In this opinion piece, Camila Lima (pictured below), head of production marketing at Invigor Group discusses the importance of CMOs using data-driven, customer-centric strategies to keep local brands competitive against the rise of digital giants such as Amazon.
As the definition of customer centricity is evolving over time, it is imperative that Australian brands consider how they can navigate the next wave of digital with customer-centric solutions.
With the technology readily available, customer expectations upon brands have increased and the pressure to outperform competitors getting more intense. The connected consumer has expectations like never before, and this presents a unique challenge to brands to be immediately responsive and omnipresent to their customers’ needs across multiple platforms.
Customers now have an expectation they will not be addressed in mass communication, but rather with an assumption that their individual needs, buying habits and inclinations are going to be addressed. Equally, so has the approach to meeting them through utilising data which helps shape the marketing campaigns for beloved Australian brands. When we watch Beerenberg launch new look labels, or Allen’s bring back Green Frogs, there is a case to be made that every pivot is based on data assessed about their customers. For many retailers, this honed-in approach may seemingly be reserved for brands with huge marketing budget, but the reality is far more accessible.
It is time to re-educate Australian retailers that the opportunity to adopt the technologies and practices that players like Amazon use are available. Particularly with bricks and mortar retailers, the focus on aggregating data-driven strategies will be not only the way to sustain operations, but to compete effectively.
Brands need to be ready to embrace solutions that allow more insightful decision-making, and integrate the frameworks that make this possible. Tools that are based on accurate, real-time data which provides actionable insights derived from multiple data types and sources. It is also time that brands utilise machine learning algorithms for real-time insights and predictions over time to allow for improved operations, increase of profitability and scalability.
These are not just mission statements for a strategic direction report, but brands need to understand what the difference is between digital transformation, data consolidation and analysis. Big data has been around for years now and many retailers still haven’t solved that puzzle. We know that having huge amounts of data sets can be valuable, combining data sets even more so, then applying prediction, machine learning, and of course, human analysis and opinion to the data now gives it a three-dimensional feel and practical application.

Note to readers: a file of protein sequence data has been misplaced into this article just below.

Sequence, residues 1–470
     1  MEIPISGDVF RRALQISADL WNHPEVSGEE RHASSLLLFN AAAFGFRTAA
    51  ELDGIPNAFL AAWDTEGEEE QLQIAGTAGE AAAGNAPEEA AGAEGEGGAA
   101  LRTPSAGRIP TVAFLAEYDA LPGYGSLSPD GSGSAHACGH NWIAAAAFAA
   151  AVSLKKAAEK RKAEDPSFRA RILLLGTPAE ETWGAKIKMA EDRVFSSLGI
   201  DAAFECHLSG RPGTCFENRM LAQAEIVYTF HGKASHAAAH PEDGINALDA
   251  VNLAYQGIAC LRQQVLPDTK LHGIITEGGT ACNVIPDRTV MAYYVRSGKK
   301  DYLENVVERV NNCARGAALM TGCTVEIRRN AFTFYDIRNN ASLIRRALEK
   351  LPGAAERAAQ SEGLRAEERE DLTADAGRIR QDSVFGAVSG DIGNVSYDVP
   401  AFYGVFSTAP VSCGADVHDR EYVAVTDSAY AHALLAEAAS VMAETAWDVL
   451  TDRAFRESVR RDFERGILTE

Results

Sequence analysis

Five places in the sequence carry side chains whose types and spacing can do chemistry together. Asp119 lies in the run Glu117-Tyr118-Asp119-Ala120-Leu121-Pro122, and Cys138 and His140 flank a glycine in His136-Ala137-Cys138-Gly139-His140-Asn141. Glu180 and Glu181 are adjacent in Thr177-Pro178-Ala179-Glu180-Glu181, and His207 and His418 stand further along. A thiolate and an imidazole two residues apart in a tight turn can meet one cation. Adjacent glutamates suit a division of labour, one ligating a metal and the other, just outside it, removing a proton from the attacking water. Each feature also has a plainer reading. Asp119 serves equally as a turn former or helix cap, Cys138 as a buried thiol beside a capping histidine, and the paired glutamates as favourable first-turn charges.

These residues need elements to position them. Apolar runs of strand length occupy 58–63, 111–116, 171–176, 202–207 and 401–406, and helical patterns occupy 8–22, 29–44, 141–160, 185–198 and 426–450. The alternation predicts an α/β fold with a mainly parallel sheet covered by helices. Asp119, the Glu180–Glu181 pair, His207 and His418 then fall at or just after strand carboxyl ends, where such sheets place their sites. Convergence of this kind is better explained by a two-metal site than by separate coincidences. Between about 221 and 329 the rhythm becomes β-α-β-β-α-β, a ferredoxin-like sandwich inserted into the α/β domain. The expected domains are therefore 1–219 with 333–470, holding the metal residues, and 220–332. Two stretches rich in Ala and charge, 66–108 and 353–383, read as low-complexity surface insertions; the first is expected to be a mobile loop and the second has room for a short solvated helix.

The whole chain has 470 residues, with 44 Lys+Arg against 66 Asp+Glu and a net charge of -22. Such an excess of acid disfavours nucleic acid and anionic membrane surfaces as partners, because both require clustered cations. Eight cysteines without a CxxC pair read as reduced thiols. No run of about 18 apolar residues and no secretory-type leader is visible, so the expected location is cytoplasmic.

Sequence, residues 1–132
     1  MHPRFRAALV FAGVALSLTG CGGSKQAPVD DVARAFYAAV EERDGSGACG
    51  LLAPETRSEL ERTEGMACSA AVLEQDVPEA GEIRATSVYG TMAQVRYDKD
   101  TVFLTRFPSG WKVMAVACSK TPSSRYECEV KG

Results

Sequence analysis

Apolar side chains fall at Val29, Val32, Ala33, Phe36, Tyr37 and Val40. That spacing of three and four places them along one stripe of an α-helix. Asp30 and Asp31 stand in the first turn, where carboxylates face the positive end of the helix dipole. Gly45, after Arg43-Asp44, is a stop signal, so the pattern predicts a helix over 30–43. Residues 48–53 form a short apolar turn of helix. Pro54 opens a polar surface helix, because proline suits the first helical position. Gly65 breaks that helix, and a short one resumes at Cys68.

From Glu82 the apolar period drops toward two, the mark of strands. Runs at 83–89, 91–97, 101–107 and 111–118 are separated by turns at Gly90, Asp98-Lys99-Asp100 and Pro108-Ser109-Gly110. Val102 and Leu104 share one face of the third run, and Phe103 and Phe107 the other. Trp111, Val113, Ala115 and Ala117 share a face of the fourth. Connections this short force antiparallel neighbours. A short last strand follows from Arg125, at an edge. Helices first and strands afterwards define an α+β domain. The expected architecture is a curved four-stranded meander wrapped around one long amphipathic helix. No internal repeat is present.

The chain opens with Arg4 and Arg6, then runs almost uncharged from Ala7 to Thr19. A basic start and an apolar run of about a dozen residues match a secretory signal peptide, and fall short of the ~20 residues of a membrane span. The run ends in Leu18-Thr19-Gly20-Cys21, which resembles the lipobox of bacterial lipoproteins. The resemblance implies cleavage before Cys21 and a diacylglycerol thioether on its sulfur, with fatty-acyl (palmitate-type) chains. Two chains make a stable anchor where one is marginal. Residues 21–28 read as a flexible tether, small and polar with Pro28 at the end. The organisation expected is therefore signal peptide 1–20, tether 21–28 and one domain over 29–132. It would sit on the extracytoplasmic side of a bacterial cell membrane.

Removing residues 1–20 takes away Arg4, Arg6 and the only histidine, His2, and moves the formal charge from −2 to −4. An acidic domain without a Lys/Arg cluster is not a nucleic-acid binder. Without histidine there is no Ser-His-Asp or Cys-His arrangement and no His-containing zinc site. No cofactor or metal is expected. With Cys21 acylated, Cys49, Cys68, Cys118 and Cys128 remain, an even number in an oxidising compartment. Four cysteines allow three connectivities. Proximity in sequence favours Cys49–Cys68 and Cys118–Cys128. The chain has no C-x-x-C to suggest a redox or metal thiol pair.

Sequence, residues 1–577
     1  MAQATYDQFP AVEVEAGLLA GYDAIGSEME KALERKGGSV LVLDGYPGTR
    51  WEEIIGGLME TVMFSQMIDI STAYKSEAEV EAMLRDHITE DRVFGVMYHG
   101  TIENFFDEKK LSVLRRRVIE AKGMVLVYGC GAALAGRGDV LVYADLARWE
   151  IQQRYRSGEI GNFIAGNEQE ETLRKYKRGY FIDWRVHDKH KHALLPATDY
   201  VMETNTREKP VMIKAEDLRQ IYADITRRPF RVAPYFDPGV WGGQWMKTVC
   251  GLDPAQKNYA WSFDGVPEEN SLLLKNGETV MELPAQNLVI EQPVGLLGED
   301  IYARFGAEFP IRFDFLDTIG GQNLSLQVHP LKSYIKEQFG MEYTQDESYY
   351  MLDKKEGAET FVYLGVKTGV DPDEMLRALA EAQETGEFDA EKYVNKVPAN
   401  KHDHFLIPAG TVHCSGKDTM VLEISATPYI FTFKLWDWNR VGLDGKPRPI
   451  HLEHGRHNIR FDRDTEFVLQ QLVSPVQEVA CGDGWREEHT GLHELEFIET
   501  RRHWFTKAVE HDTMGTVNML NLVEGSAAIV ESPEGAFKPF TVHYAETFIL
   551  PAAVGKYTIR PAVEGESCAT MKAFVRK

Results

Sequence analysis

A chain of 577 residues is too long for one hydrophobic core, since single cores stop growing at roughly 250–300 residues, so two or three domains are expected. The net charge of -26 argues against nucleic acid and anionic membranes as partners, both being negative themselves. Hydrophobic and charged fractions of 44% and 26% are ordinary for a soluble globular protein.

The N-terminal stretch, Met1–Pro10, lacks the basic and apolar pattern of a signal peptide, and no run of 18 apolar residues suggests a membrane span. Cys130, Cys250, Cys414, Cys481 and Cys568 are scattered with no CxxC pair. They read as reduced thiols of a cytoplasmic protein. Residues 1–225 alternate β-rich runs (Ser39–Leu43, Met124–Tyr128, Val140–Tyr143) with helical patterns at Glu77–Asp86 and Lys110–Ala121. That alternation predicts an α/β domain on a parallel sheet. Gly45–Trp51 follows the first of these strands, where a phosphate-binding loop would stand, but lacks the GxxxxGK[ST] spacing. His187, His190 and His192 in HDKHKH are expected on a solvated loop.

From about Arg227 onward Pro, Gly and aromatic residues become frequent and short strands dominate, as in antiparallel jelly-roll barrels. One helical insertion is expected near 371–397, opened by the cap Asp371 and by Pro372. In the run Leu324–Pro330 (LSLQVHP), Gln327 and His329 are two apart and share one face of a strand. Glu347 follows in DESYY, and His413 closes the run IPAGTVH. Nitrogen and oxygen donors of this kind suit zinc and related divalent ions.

We need to ask how Amazon is doing it, and why can’t every Australian retailer do it?
Retailers should be seeking to partner with those who can help them fully understand their customers. For CMOs entering this space, such a commitment to data can be daunting, but like any relationship, once finding a suitable data partner (which there may be many fine suitors), it’s a two-way street. The technology is now at the level where it is functionally robust enough to work across industry and now cheap enough that anyone can use it. The issue this can create is where to start, with who and how?
What expectations should CMOs have on themselves? What plans are they putting in place to utilise the mass of data they have available to them? And how can they deploy predictive marketing and stay ahead of the competition? It should be more than managing a social media strategy or working out your cost per acquisition. It must be about having a full grasp of who your customers are, and what each journey with them could look like.
Ultimately, customer centricity is about storytelling, which can only be done effectively when based on the data that is collected about the customer. Fully comprehending where the customer is in their journey and the emotions that surround a purchase is vital to achieving the tailored one-on-one interactions that customers are seeking. Understanding and creating language to put around the data helps to create a picture of who the customer is and what their underlying wants, needs and desires are.